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Organic Light-Emitting Diodes (OLEDs)
OLEDs contain organic compounds made of carbon and other substances to light up (Illuminate) and display characters, icons and graphics in a wide variety of colors that are readable in daylight and nighttime. Since they generate their own illumination, they are called an emissive display.
LCDs (Liquid Crystal Display) are readable in strong ambient light (sun, office light) but require a backlight for readable in dark environments.
Key advantages of OLEDs include:
OLEDs draw less power than LCDs containing a LED backlight
A faster refresh rate which produces a sharper contrast
Higher brightness without increased power consumption
An advantage for battery powered products
Thinner than TFT and character displays
Wider operating temperature allowing the display to operate to -40C
Wider viewing angle
Produce darker blacks than LCD technology
An OLED with an off pixel produces a dark black that is not possible for LCDs
LCDs can produce brighter white with their LED backlight
AMOLED vs. PMOLED
OLEDs are broken down into two categories: PMOLED (Passive Matrix Organic Light-Emitting Diode) and AMOLED (Active Matrix Organic Light-Emitting Diode).
The word ‘matrix’ just means how the display is driven. Below is a rough drawing of a matrix of pixels. Each pixel is either on or off to generate an image.
There are five rows with each row containing several pixels.
Passive displays control/refresh one row at a time. Once that row is refreshed, the control moves to the next row and so on. That means that the rows are on a small percentage of time which limits their size.
Another word for this is duty cycle which is the ratio of time ON vs. time OFF. This can be seen in refrigerators where the compressor is on for ten minutes for every thirty minutes off.
Duty Cycle = 10 minutes (on) / 40 minutes (total time on and off) = 25% duty cycle
The lower the duty cycle, the more time before the display is refreshed, the more power required to illuminate the pixel, and the duller the contrast.
Once control moves to the next line of pixels, the brightness of the previous line of pixels fades. To fix this and provide an even light for the human eye, more power is required to increase the brightness when the pixels are refreshed.
If your display has 5 rows, then you need to make the pixel 5 times brighter which equates to 5 times more power. This increased brightness reduces the display’s half-life.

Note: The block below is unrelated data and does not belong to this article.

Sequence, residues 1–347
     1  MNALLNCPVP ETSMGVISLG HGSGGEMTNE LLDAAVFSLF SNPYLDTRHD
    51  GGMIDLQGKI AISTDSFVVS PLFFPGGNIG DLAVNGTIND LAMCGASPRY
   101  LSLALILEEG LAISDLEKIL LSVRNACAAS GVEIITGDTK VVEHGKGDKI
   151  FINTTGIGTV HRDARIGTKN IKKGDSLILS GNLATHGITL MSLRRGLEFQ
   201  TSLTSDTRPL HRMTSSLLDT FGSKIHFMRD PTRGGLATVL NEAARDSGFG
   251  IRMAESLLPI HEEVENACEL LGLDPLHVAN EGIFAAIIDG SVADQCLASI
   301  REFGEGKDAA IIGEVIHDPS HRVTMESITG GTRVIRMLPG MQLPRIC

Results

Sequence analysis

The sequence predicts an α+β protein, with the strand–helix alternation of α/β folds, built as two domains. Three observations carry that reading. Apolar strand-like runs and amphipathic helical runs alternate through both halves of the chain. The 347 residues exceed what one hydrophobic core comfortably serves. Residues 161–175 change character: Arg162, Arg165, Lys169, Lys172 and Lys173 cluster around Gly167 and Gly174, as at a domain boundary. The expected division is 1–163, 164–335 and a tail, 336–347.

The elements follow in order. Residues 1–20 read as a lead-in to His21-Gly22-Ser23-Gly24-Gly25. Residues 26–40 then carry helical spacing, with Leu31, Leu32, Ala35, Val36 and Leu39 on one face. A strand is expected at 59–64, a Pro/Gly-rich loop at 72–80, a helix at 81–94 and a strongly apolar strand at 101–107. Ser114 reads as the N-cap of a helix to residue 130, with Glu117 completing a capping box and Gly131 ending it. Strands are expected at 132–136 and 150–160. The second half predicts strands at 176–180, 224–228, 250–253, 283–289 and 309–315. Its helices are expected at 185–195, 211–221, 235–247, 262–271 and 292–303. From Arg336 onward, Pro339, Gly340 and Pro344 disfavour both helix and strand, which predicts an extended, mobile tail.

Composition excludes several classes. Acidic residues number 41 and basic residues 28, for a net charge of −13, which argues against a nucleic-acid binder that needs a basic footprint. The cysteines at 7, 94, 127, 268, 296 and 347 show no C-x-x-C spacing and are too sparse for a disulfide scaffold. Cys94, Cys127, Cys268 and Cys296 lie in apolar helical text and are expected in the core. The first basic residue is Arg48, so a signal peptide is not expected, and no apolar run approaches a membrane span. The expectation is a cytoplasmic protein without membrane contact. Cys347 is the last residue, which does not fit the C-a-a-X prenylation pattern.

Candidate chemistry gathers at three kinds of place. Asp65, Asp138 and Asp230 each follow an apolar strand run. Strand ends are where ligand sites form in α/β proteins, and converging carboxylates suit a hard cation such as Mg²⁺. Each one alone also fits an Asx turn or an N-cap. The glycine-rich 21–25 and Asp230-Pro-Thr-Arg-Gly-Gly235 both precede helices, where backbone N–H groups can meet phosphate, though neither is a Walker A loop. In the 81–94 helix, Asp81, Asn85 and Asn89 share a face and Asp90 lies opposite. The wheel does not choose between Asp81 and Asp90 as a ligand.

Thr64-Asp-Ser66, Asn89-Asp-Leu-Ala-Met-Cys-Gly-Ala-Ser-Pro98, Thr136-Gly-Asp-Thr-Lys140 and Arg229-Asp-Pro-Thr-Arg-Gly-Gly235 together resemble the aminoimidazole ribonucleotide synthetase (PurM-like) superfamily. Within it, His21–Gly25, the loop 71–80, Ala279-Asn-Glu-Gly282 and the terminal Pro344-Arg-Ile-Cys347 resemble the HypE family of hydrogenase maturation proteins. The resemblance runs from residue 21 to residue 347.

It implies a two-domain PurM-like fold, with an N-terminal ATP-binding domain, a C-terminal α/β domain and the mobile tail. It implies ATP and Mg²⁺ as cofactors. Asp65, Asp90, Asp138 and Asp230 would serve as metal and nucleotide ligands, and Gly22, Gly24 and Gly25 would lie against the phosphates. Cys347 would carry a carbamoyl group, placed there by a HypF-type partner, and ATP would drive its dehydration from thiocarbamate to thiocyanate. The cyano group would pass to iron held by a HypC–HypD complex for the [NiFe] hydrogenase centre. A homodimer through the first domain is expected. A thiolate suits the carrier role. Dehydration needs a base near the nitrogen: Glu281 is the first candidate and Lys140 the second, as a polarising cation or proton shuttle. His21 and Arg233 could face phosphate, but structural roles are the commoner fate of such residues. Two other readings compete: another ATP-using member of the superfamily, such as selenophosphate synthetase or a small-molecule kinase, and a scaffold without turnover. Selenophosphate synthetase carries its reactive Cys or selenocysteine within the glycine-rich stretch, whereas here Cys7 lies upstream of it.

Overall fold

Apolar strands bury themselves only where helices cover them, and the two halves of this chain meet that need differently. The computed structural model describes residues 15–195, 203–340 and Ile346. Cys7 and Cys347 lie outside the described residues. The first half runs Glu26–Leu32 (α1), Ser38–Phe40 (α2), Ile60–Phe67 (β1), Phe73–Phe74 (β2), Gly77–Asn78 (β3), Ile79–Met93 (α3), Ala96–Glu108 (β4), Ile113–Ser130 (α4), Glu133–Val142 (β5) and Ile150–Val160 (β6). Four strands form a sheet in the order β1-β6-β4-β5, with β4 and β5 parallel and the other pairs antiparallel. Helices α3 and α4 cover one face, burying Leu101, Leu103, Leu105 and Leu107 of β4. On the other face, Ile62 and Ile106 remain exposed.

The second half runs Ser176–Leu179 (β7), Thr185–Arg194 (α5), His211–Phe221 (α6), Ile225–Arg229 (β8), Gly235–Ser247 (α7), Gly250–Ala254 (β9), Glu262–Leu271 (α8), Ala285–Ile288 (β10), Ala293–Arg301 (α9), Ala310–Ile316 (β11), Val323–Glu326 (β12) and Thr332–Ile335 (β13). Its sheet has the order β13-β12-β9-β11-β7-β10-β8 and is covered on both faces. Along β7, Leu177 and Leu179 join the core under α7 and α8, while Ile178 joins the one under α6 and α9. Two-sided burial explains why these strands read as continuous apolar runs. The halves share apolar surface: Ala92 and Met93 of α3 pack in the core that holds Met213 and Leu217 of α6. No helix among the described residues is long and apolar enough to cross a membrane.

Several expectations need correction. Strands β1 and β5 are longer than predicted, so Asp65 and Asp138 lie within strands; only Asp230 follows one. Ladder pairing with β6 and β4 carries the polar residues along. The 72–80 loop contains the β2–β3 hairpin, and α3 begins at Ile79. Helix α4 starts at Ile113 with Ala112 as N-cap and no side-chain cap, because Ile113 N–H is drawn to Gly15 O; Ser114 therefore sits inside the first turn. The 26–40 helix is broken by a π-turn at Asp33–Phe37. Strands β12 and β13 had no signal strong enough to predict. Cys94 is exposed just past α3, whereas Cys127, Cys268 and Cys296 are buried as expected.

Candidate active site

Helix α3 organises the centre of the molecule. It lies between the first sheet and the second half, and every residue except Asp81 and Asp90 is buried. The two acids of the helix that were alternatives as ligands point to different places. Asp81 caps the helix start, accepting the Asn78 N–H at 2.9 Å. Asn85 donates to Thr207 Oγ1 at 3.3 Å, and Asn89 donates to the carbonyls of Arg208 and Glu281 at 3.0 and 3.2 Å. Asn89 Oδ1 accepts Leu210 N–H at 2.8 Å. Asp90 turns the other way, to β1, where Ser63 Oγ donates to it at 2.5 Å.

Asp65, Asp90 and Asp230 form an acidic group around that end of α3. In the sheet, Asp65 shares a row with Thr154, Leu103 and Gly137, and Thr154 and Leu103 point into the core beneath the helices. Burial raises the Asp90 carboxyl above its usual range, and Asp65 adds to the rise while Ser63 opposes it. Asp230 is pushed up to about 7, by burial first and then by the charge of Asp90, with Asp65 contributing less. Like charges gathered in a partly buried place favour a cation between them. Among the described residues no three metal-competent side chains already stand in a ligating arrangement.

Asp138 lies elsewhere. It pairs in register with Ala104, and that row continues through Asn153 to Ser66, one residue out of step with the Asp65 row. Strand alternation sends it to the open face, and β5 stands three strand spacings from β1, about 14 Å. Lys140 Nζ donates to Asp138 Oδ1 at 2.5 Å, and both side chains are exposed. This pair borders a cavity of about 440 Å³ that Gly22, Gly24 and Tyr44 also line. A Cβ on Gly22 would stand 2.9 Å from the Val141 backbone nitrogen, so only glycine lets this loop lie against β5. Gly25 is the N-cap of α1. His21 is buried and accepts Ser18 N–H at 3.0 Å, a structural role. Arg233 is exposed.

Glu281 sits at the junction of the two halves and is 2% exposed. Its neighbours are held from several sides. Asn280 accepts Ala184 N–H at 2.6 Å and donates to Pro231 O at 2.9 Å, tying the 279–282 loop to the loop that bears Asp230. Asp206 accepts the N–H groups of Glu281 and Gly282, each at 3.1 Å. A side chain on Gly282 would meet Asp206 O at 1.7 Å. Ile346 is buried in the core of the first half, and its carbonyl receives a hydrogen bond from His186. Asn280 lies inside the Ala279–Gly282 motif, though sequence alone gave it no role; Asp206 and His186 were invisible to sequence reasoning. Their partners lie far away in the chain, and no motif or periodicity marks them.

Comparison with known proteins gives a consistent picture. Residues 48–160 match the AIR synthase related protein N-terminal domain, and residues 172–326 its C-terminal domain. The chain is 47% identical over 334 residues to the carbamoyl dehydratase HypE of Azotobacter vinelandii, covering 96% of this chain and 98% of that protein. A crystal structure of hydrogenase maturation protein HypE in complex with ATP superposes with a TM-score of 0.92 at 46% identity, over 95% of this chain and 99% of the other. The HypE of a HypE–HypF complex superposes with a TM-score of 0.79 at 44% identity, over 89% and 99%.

Half-life is the amount of time in hours for the display to be half as bright as when first turned on. This is not the amount of time for it to burn out, but just to grow dim.
Even with this set back, PMOLEDs are popular because they are less expensive and easier to manufacture.
AMOLEDs produces a higher quality image by adding one capacitor for each pixel. A capacitor is a mini battery that stores power and illuminates the pixel after it has been refreshed. This allows the pixel to stay active and not fade away when refreshed.
The capacitors increase complexity and therefore, AMOLED’s are more expensive, but requires much less power and can produce larger displays than PMOLED modules.
Advantages of AMOLEDs:
Wider viewing angle
Thinner displays since there is no need for a backlight
Brightness of each pixel is independently controlled.
LCDs can independently control each pixel, but not the brightness of that pixel. The brightness is control by the LED backlight that sits behind all the pixels.
A sharper contrast
Contrast is the difference between the brightest and the darkest color
Disadvantages of OLEDs:
They may have a possible burn in due to half-life. If some pixels are on more often than others, the high usage pixels could dim over time.
The brighter each pixel, the more power required.
OLEDs contain an organic material that may lead to a shorter life-time than LCDs
Pixels (aka picture element) are very tiny dots to create the image or character or icon. The more pixels in an area, the sharper the resolution.
A 320 x 240 graphic display contains 320 pixels (or dots) along the x-axis and 240 pixels along the y-axis for a total of 76,800 pixels.
Each pixel is its own light source and consists of three sub-pixels that are Red, Blue and Green (RGB). Each pixel can be driven at different intensities to generate a wide possibility of colors.
Many displays can generate between 64,000 to 64,000,000 unique colors by mixing a combination of Red/Green/Blue.
OLEDs offer a much wider viewing angle than TFTS and LCDs (Liquid Crystal Displays). LCDs (FSTN) can provide up to a 120-degree viewing angle, but there will be a viewing bias. That is, one of the four views (top, bottom, left or right) will have the sharpest viewing angle.
At one time, the lifetime of an OLED ranged from 10K to 15K hours. Now, it is much closer to 100K hours.
Lifetime for an OLED is when the image becomes burned in.
Many graphic OLEDs contain a built-in touch screen. Touch screens are not standard on character displays but can be added.
There are two main types of touch screens
Resistive Touch Screens (RTS)
RTS consists of combining two layers of material with a small air gap between each layer. When the user applies pressure to the top layer, it makes contact with the lower layer and creates a short circuit. The touch screen is then able to calculate the exact location of the touch.
Resistive touch screen’s advantage is the freedom for the user to choose any type of stylus; A stylus is a device used to make contact and apply pressure to the top layer of the touch panel such as a bare finger, fingernail, gloved finger, edge of a credit card or the soft end of a pen.
They are cheaper than Capacitive touch screens and easier to integrate.
Capacitive Touch Screens (CTS)
Capacitive touch screens are found in many consumer products such as cell phones, tablets and medical equipment. The touchscreen panel contains an insulating material, in many cases it is glass, coated with a transparent conducting material such as indium tin oxide (ITO). The human skin is also an electrical conductor, so that when the surface of a finger contacts the surface of the glass, the electrostatic field is interrupted. This disturbance locates the position of contact.